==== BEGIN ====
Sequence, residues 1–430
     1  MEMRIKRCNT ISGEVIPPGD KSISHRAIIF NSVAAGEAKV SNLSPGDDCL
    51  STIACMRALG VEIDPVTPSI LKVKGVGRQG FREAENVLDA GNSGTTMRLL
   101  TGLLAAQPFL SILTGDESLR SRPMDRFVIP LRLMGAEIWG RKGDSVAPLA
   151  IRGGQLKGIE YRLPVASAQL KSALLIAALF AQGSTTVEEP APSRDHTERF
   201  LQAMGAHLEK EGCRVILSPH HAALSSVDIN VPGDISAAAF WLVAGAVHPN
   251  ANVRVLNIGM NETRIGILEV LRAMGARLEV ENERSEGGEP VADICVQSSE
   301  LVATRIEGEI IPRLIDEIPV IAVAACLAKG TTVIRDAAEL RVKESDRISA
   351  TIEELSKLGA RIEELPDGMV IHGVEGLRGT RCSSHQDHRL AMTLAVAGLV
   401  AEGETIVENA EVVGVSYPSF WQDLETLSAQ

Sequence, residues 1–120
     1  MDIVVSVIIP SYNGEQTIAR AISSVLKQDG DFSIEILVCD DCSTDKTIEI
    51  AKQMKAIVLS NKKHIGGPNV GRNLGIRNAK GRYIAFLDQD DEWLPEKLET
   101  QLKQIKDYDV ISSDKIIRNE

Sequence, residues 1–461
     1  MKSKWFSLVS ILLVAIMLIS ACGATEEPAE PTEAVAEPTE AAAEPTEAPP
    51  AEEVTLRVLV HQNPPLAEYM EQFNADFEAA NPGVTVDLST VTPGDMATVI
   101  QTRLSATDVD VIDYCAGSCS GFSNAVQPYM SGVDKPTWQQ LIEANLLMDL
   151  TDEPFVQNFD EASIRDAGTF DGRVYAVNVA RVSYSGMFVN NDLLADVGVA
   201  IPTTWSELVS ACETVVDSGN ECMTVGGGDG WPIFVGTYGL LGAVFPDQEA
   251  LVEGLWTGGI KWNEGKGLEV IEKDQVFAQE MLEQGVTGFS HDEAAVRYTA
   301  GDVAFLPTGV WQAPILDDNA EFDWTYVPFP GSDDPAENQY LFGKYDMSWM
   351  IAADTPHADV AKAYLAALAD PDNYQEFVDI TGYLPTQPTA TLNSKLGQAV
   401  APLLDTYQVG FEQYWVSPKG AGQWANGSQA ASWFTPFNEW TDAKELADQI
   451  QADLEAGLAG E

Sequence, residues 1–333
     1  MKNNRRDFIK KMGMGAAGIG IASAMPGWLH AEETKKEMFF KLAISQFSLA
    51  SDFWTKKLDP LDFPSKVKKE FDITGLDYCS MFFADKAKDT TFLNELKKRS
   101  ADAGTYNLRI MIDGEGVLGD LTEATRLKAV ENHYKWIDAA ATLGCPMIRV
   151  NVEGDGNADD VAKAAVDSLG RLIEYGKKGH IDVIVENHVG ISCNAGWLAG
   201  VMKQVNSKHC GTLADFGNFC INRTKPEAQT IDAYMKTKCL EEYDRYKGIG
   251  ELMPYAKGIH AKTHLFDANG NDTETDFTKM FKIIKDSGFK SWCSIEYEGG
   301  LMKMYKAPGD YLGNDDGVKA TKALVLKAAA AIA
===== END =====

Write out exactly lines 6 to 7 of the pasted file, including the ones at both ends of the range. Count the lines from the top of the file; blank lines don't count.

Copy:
   201  LQAMGAHLEK EGCRVILSPH HAALSSVDIN VPGDISAAAF WLVAGAVHPN
   251  ANVRVLNIGM NETRIGILEV LRAMGARLEV ENERSEGGEP VADICVQSSE